With that, the captain wastes no more time and leans over the egg to take a look.

* And yet Alien: Covenant keeps finding new paths to slide downhill, mainly in its treatment of the xenomorph’s development and behavior, which defies and significantly reverses all past precedent. The rest of this section will probably bore or bemuse anyone who isn’t that avid an Alien fan, but for me this constituted one of the movie’s worst transgressions.

Because the Alien movies aren’t real-time documentaries of the species’ life cycle, it’s impossible to say with certainty how long each phase of the alien is supposed to last, but one can make certain assumptions about the timeline based on the films’ editing. In the original Alien, it took around 20 minutes between Kane falling victim to the egg and the eruption of the chestburster. Over this period, we see the team trek back to the Nostromo, attempt to sever the facehugger from Kane (back in space), run down several levels to observe the dripping acid, look for the missing creature, and do some other things, implying the passage of several hours. Other subtle signs suggest it takes a while for the facehugger to plant its larva and for the alien to gestate. When someone tries to loosen its grasp on the host, the alien wraps its tail tighter around Kane’s neck, which seems like an evolutionary trait designed to prevent premature detachment.

Alien: Covenant takes a torch to all of that by turning the alien, presumably in its first and least perfected generation, into a risible sex machine capable of reproducing at hyper-speed. The film presents at least two types of alien generation, one through black goo infection, the other through the traditional method, and somehow makes a mockery of both. Laying aside the writers’ total disregard for how the black goo works in Prometheus, it takes 2-3 minutes of film time for people who contract the goo to start displaying symptoms of deathly illness and 9-10.5 minutes for the albinomorrphs to burst from them. Later, when David lures the captain to the eggs he’s somehow created without a queen, it takes approximately 2 minutes and 30 seconds of film time between the facehugger springing on him and the alien pushing out of his chest. Overall, then, in movie-minutes the monsters of Covenant take anywhere from half to a tenth of the time to materialize as those in Scott’s original, Alien 3, or Resurrection.

This isn’t just an illusion caused by editing, though, as a second facehugger later attacks another human and finishes its work in 14 real-time seconds. Hence we can deduce by Covenant that the facehugger in Alien had either regressed substantially, liked to take its time, or suffered from erectile dysfunction, none of which are options I am willing to entertain. This second victim, however, doesn’t explode until several hours later, after they’ve returned to the main ship. In other words, even if one is able to pardon Covenant for breaking continuity with the other films, one still must overlook how carelessly it shatters continuity with itself.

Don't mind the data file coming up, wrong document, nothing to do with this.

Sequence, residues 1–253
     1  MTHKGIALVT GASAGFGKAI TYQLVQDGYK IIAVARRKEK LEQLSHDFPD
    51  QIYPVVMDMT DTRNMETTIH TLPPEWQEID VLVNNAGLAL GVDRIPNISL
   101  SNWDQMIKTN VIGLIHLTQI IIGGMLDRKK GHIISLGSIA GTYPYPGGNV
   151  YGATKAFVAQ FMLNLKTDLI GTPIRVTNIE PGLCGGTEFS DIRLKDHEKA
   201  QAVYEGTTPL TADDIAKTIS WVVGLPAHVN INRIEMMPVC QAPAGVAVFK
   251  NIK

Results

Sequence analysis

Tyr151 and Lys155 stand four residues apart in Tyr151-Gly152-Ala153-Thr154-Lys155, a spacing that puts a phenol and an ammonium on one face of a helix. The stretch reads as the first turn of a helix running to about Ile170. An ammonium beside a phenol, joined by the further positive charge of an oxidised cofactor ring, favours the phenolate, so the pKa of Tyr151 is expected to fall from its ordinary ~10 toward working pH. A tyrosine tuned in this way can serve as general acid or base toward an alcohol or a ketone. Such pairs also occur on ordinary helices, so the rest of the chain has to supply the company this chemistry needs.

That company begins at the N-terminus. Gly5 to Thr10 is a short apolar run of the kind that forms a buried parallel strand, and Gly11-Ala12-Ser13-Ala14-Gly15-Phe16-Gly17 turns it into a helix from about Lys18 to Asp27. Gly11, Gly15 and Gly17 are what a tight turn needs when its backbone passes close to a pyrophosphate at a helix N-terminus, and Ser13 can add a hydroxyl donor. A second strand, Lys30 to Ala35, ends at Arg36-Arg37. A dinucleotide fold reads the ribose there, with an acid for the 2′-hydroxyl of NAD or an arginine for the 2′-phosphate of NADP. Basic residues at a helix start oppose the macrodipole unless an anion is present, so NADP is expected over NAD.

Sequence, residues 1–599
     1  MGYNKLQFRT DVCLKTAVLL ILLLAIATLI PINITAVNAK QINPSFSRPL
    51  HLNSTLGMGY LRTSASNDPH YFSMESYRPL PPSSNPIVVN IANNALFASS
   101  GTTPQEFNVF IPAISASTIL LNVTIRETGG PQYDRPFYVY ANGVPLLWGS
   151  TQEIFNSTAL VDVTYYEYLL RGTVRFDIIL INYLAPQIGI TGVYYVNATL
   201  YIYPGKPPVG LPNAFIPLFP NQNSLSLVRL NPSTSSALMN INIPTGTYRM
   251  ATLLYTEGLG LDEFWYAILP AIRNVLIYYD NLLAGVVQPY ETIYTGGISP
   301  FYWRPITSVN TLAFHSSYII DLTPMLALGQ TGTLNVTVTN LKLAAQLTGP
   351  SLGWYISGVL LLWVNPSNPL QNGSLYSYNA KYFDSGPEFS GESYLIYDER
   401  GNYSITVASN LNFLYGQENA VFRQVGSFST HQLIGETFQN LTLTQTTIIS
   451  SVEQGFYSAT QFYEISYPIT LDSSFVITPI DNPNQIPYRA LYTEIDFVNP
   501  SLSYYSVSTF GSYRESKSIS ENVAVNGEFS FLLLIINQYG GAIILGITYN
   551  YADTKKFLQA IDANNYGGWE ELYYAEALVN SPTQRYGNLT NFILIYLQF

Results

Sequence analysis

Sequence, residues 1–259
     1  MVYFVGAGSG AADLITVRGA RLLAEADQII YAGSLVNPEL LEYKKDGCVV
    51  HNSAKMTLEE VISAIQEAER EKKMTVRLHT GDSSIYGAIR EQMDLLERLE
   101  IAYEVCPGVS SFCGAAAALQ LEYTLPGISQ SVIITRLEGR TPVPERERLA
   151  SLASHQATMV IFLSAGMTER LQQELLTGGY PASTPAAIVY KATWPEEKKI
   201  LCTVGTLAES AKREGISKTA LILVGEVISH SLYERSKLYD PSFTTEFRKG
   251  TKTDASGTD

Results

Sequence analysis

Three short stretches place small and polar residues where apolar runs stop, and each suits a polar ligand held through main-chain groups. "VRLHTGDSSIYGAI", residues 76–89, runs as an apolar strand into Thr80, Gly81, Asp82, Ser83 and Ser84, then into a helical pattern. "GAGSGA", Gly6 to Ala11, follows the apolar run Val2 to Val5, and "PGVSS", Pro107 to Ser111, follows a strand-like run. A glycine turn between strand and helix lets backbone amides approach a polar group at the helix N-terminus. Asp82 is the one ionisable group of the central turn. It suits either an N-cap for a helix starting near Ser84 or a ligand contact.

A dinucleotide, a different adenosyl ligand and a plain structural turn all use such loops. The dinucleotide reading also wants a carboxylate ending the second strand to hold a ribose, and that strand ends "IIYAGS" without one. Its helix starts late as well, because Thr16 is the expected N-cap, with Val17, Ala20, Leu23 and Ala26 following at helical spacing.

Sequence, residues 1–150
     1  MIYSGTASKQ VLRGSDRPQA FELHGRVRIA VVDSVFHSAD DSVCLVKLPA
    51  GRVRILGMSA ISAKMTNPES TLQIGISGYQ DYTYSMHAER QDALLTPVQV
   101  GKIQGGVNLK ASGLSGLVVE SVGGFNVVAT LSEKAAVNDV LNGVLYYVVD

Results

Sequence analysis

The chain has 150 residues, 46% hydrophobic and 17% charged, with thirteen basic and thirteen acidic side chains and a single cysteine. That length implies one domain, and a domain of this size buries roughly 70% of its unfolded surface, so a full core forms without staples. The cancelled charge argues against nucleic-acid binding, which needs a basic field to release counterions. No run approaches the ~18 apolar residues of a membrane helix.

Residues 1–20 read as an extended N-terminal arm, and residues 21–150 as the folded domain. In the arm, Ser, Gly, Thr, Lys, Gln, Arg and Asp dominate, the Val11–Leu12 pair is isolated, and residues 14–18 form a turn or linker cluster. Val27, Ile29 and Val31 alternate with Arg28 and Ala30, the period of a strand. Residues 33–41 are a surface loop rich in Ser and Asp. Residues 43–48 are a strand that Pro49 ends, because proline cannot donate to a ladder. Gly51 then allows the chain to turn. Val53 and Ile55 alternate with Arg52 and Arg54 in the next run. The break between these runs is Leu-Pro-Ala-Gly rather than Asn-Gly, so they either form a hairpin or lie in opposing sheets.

But the alien’s problems don’t stop at biological technicalities. On a more fundamental level, Scott has fallen out of touch with what made his monster so monstrous. Alien, it’s no mystery, is teeming with sexual overtones, uncomfortable forced perspective, and implications of rape. Being a parasitical hybrid, the xenomorph endures on a different level than other movie monsters because it represents the most savage and predatory things man is capable of committing. The more I rewatch the film’s most controversial scene, the more convinced I get that Veronica Cartwright’s hyperventilating gasps are meant to evoke more than simply death, especially taking into account the shot of her dangling, bare feet. Nor is Ripley undressing meant to be a bit of exploitive pleasure; rather, it’s a projection of the carnal thoughts rushing through the head of the alien, which seems to be spying on her from the darkness.

The various aliens of Covenant have no such sexual urgings, nor do they act upon the self-preserving hive mentality that took over in Aliens (foreshadowed in a deleted cocoon scene by Scott). They’ve been tragically reduced to the intricacy of dumb animals, senselessly biting and stabbing every organic thing in sight to service the morbid demands of general horror moviegoers who think that better and more abundant gore intrinsically leads to better horror stories.

* In retrospect, I may have been too harsh when I called the alien a dumb animal. It’s really a dumb cartoon. Witness the scene that someone apparently approved where the newly-born xenomorph (which looks like a miniature version of the adult one instead of a snake with tiny T-rex arms) raises its limbs and chirps excitedly in imitation of its creator, David, whom it can somehow see well enough to copy despite not having eyes. Awwhhhh. This is easily the cutest thing the franchise has seen since Newt.

* I used to tell myself that while this movie vastly weakened the later stories, it actually strengthened Prometheus by explaining one of David’s more irrational decisions. Then I revisited Prometheus with the screenwriters’ commentary, realized there was already a perfectly rational reason for David to spike Holloway’s drink with black goo, and lent myself yet another reason to hate Alien: Covenant. While the movie does derive some philosophical tension from David’s creative passion (making him more human, he argues) and Walter’s mechanical sense of duty, Covenant woefully perverts its most interesting and enigmatic character into a mad scientist archetype with a god complex.